I am truly sorry if these data points offend you. I’m just growing tired of local and national news agencies focusing on case numbers, or the death toll of a specific day. These data points I present do not mean I don’t care about those that have tragically died as the result of SARS-CoV-2, I just want to look at contextual and relevant data points objectively. That’s all.
Case numbers alone cannot determine the strength or lethality of the virus. Death toll numbers alone cannot help determine the strength or lethality of the virus. The number of occupied beds speaks only about specific hospitals, and do not speak of the strength or lethality of the virus. Hospitalization rates and CFR is how strength and lethality are tracked. Based on the metrics and determinations of the CDC, the virus is weakening.
National CFR is 3.8% and continues to decline. Same story for hospitalization rate.
Here are the relevant metrics for my home state of Idaho:
Idaho’s hospitalization rate at the end of May was 8.5%. A week ago, it was 4.8%. Yesterday it stands at 4.4%
Idaho’s CFR at the end of May was 2.8%. A week ago, 1.2%. Yesterday it was .97%.
“What about Florida? I hear that Florida is really bad.”
As of yesterday, Florida’s CFR was 1.6%. At the end of May, it was 4.5%
Hospitalization rate yesterday was 7%. In may it was 18%
“What about the reports of hospitals in Florida that are at capacity?” I’ll address that in a bit.
Tracking the hospitalization rates and CFR, the CDC has learned the virus has evolved. It wants to survive, so natural selection means that the deadlier variants of it are dying off. The ones that are favored are the milder, silent types that don’t make people as sick. It will likely continue to evolve and CFR will decline more.
If health districts rely on case numbers alone, or death tolls alone, and are dismissive of hospitalization rates and CFR, they are either ignorant or driven by politics or fear– behavior that should not be tolerated from health district officials that create public policy.
If a hospital CEO is sounding the alarm about bed occupancy, just remember, their job is primarily to focus on their hospital. Their alarm speaks nothing to the strength or lethality of the virus itself. To make broad public policy decisions that will affect many based solely on such an alarm is a bad parameter for public policy decisions. I’m not saying that bed occupancy numbers are totally irrelevant, I’m merely saying that they don’t determine lethality, and there are other metrics involved with bed occupancy that the media rarely report. “Bed Occupancy is increasing.” Okay, how much? What percentage of beds are occupied? What percentage of those are there specifically for SARS-CoV-2? What was the occupancy number this time a week ago? A month ago? A year ago? “What does a year ago have to do with anything?” Because some hospitals are near or at capacity year round. Predictions about occupancy in a month is exactly that, a prediction, and they rarely if ever say how they reach the prediction. Such predictions only stir emotion and provide no contextual or relevant data to determine sound policy.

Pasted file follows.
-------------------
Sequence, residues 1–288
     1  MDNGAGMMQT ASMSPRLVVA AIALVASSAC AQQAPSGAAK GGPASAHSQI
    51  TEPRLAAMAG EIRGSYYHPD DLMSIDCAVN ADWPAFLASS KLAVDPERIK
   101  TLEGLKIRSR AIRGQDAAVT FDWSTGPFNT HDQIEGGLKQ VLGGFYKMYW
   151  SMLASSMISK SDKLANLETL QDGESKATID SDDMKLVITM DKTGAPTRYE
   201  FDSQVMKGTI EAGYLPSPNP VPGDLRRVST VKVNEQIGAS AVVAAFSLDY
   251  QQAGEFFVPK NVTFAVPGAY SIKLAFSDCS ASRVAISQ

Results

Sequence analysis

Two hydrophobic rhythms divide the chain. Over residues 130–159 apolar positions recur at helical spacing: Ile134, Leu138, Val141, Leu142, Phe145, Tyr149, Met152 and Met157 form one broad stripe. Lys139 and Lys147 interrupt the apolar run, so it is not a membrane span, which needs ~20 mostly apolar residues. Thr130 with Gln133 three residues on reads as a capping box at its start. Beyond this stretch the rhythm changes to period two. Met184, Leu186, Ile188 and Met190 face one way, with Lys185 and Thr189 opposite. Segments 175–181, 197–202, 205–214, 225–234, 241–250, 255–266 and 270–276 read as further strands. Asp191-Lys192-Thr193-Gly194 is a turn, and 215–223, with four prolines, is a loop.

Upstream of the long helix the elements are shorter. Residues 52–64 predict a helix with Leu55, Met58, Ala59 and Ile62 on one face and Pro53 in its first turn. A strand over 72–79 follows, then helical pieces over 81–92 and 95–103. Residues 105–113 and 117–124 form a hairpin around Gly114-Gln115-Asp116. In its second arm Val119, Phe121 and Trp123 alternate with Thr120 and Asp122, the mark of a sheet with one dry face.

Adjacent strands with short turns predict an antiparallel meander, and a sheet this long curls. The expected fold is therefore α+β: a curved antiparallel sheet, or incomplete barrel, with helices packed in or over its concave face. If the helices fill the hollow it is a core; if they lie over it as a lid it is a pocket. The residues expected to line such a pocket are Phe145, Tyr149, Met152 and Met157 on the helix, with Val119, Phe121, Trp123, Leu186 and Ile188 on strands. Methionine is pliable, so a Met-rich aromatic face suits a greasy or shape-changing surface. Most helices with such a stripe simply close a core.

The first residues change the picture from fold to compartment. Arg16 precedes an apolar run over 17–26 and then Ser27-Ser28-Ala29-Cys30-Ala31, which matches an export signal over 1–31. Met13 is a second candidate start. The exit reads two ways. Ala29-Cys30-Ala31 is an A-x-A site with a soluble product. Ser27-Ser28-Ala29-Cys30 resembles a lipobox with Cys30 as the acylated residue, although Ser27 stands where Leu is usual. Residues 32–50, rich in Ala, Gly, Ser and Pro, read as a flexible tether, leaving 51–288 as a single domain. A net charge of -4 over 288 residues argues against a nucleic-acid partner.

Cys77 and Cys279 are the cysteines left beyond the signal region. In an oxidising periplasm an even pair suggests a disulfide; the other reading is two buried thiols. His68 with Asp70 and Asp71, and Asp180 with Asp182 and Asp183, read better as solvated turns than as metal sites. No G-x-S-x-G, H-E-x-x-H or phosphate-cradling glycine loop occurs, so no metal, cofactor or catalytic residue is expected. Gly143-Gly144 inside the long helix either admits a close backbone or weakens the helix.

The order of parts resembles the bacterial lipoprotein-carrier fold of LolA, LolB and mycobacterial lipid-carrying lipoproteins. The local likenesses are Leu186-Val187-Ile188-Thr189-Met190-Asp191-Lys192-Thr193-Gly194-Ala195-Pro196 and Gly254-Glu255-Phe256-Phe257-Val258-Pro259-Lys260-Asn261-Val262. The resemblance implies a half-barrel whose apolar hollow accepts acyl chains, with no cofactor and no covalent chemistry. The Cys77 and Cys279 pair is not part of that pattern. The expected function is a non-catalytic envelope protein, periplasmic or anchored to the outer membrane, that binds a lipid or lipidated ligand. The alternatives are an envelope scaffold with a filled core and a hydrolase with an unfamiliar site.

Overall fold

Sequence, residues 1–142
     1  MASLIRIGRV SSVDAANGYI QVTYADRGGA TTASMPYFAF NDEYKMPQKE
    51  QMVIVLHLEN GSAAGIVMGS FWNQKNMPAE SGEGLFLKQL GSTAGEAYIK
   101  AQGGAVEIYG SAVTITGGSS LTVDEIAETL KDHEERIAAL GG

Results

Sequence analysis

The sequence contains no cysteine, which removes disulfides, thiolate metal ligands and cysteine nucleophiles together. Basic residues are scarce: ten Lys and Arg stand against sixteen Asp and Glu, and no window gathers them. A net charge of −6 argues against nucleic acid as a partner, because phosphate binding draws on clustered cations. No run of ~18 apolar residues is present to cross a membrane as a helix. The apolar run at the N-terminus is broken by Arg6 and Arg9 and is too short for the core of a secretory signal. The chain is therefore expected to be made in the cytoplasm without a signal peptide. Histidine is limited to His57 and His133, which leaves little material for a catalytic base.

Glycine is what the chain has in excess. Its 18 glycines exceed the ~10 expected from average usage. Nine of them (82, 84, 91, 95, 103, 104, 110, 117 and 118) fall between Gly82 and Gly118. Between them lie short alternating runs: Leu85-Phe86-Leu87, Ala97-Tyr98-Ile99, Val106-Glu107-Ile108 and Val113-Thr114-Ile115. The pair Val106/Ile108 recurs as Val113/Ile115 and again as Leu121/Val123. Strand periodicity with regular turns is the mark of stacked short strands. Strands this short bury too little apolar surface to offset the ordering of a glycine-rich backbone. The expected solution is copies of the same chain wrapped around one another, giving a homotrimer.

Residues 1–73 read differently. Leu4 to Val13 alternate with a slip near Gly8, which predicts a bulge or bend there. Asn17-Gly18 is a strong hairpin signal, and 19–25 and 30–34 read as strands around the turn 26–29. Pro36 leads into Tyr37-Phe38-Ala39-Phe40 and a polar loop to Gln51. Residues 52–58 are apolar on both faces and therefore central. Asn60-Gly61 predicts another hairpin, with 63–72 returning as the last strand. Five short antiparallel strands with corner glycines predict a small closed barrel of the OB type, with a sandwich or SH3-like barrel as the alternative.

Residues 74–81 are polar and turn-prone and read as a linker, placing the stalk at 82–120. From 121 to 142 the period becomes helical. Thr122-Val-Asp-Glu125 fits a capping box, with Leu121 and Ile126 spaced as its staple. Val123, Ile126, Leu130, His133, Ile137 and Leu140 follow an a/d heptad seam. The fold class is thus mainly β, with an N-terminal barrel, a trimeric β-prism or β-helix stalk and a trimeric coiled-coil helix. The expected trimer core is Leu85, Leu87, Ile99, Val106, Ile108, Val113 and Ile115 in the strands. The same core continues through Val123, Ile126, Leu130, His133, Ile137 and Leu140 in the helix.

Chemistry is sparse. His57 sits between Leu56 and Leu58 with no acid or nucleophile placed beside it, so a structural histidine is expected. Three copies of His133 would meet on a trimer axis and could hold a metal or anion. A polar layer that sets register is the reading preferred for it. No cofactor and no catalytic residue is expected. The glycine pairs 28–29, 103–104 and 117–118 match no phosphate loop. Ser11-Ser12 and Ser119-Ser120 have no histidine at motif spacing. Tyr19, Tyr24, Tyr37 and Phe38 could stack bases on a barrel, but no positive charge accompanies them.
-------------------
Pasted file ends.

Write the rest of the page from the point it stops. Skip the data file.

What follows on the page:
For deciding on broad public policy, tracked hospitalization rates and CFR need to be the primary metrics.
I’ve spent the last few weeks reading medical journals written by disease and virology experts, and I’ve consulted one on one with doctors to ensure I’m understanding the lingo and data points correctly. Some of the frustrations I’ve voice here were also voiced by these doctors. I fully admit I am fallible, and my conclusions are for you to judge. However, the hospitalization rates and CFR, which the CDC uses to determine public policies and their guidance, are all based solely on metrics reported by state agencies and officials.
To date, there have been ZERO safe and effective vaccines developed for viruses in the coronavirus family. Scientists desperately tried to develop one for SARS-CoV-1, but they eventually gave up. It is very likely a vaccine will never be developed for SARS-CoV-2. I’m not advocating that we don’t try for one, but I think it is foolhardy to pin hopes on one, and we certainly shouldn’t be deciding public policy based on the hope.
And for the record, I’m not anti-mask, I’m just anti-mandates. And I’m anti-BM (bad metrics 😉 ). Based on an objective study compiled before the mask issue became so emotional and politicized, I’d be willing to voluntarily wear an M95 mask, but I can’t due to non-SARS-CoV-2 health issues. Many other individuals are in the same boat. So please… please… please… stop the mask bullying.
I get these metrics from the following link, free of the emotional yet irrelevant commentary from politically driven medical experts and free of news horse-pucky commentary, This website gets its numbers from state agencies and officials: